|Publication number||US7291683 B2|
|Application number||US 10/863,888|
|Publication date||Nov 6, 2007|
|Filing date||Jun 8, 2004|
|Priority date||Jun 12, 2003|
|Also published as||CA2470223A1, CA2470223C, DE10326380A1, EP1486535A1, EP1486535B1, US20050049363|
|Publication number||10863888, 863888, US 7291683 B2, US 7291683B2, US-B2-7291683, US7291683 B2, US7291683B2|
|Inventors||Heiko Tebbe, Volker Müller|
|Original Assignee||Rhein Chemie Rheinau Gmbh|
|Export Citation||BiBTeX, EndNote, RefMan|
|Patent Citations (17), Non-Patent Citations (2), Classifications (20), Legal Events (3)|
|External Links: USPTO, USPTO Assignment, Espacenet|
The present invention relates to compatible blends of thermoplastic molding compositions, to methods for the production of compatible blends of thermoplastic molding compositions, and to the use of the blends according to the present invention to produce films, fibers and molded articles.
Organic carbodiimides and polycarbodiimides are known. Their chemistry and production are described, for example, in Chemical Reviews, vol. 81 (1981), pp. 589 to 639 and Angewandte Chemie 74 (1962), pp. 801 to 806.
Carbodiimides and polycarbodiimides are preferably used as stabilizers against the hydrolytic cleavage of polyester-based plastics materials, as described, for example in EP-A 0 602 477, U.S. Pat. Nos. 2,853,473, 2,853,518 and 3,502,722. According to DE-A 1 494 009, aromatic and/or cycloaliphatic monocarbodiimides, which are substituted in the 2 and 2′ position are particularly suitable for use as stabilizers. Polycarbodiimides having a molecular weight of over 500 and a content of more than 3 carbodiimide groups are described in DE-A 1 285 747 as stabilizers against the effects of heat and humidity in ester group-containing plastics materials.
Blends of thermoplastic molding compositions are arousing increasing interest in engineering, as new customized property profiles can be attained by the mixing of known polymers. Only a few of the known thermoplastic molding compositions are, however, miscible with one another. The majority of thermoplastic molding compositions are not miscible without further measures. In most cases, at least partial miscibility is, however, necessary for the optimal attainment of properties.
Various generally known methods can be used to improve miscibility. The mixing of polymers in the molten state only results in a homogeneous blend in compatible polymers. Another method is graft polymerization: the polymerization of monomers onto an existing polymer. This method is limited to a few monomers and can be carried out only with special equipment.
Another method for improving the miscibility of thermoplastic molding compositions is the use of compatibilizers. These react chemically with the two blend components in the production of the blend, and thus result in improved miscibility. A known method is the use of maleic anhydride or, as described in DE-A 19 739 686, the use of bisoxazolines as a compatibilizers. The known compatibilizers can, however, only be used on a few blends of thermoplastic molding compositions. Explosive peroxides must, at the same time, also be used to produce blends using maleic anhydride, which causes production costs to rise.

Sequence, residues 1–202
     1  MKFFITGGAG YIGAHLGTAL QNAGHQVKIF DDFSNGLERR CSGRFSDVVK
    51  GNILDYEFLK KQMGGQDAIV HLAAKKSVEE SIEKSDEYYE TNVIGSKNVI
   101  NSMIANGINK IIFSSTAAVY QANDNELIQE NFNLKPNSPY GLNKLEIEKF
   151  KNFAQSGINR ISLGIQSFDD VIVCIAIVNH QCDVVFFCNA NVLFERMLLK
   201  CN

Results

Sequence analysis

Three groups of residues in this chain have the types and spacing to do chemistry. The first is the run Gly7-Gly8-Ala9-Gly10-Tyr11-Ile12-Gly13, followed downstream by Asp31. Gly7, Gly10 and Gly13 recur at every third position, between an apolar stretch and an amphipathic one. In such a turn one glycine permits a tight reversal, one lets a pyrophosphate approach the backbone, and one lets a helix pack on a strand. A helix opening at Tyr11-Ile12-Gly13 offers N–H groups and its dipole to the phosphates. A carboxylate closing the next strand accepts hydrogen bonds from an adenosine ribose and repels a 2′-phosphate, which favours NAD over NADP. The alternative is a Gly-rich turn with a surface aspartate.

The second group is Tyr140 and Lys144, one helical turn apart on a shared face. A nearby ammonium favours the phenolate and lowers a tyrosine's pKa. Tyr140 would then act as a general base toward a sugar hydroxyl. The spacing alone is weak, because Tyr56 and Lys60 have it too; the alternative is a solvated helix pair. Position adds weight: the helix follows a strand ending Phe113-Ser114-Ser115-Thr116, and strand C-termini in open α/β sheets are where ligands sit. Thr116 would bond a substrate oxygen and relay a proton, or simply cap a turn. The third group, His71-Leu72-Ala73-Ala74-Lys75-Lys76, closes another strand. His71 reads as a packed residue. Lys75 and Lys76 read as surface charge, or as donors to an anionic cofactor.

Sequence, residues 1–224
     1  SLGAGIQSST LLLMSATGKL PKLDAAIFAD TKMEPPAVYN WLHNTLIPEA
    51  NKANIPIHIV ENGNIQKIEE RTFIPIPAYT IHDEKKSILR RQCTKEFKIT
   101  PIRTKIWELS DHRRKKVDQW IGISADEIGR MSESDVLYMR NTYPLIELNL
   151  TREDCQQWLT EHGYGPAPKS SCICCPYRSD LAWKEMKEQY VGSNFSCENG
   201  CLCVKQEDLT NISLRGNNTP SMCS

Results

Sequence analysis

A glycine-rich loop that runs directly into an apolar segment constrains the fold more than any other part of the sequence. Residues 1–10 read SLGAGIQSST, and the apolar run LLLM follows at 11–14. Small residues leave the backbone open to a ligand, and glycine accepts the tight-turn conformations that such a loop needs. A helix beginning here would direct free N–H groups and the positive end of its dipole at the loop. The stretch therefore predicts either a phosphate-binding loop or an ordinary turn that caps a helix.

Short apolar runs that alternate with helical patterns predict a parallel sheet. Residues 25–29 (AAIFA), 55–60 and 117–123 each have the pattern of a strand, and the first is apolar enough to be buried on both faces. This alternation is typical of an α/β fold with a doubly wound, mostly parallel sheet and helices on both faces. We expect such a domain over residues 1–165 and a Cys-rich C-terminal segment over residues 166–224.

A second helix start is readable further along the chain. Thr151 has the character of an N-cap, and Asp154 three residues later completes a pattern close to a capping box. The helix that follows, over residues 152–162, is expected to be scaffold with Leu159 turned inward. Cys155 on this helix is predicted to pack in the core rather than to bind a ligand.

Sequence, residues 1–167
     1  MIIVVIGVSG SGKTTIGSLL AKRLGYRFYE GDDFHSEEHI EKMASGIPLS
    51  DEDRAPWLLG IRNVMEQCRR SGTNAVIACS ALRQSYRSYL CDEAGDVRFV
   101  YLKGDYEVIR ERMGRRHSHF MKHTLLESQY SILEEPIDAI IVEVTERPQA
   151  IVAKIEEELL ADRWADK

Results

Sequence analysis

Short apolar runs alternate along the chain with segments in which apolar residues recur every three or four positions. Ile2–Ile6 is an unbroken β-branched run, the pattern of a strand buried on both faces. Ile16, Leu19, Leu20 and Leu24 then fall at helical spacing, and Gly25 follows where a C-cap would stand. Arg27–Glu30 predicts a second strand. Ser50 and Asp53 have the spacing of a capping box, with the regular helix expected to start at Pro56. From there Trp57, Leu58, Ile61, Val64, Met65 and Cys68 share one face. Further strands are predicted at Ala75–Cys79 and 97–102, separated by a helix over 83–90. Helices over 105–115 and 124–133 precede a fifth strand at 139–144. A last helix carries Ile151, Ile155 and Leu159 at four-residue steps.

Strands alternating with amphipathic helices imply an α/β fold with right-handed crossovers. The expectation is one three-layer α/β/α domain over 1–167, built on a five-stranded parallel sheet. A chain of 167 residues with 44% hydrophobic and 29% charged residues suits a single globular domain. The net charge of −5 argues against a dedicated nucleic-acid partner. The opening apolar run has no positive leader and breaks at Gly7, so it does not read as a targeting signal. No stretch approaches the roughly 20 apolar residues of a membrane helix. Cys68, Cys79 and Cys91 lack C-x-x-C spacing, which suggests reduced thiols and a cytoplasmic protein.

In the technical journal Gummi Fasern Kunststoffe GAK 5/2001, p. 299, Title: “Reaktives Blenden von unverträglichen Kunststoffen am Beispiel von Polyamid und Polyestern” [“Reactive blending of incompatible plastics materials, using the example of polyamide and polyesters”], the difficulty of reactive extrusion by means of the functionalization (degradation) of the polyamide in one extrusion stage, and the actual reactive blending process by means of transesterification and coupling of the blend in a second extrusion stage, is apparent. There is also a technical difficulty present, i.e. that the required arrangement of two twin-screw extruders is not readily available, and that difficulties occur in exact process control owing to the degradation of the polyamide with the subsequent transesterification of the PET.
The object of the present invention was to provide compatibilizers that are universally and cost-effectively suitable for producing blends of thermoplastic molding compositions, and thus to make possible the preparation of these blends.
The present invention is directed to the use of carbodiimides and/or polycarbodiimides as a compatibilizer, which allows the preparation of blends of thermoplastic molding compositions which contain, in addition to at least two different, per se incompatible, thermoplastic molding compositions containing at least one of the functional groups —COOH, —OH, —SH, NH2, —NHR,
The present invention also relates to a method for producing the blends of thermoplastic molding compositions according to the present invention, which is characterized in that the, per se incompatible, thermoplastic molding compositions are mixed with one another, in the amount specified above, in the molten state, in a suitable mixing unit, using carbodiimides and/or polycarbodiimides as a compatibilizer.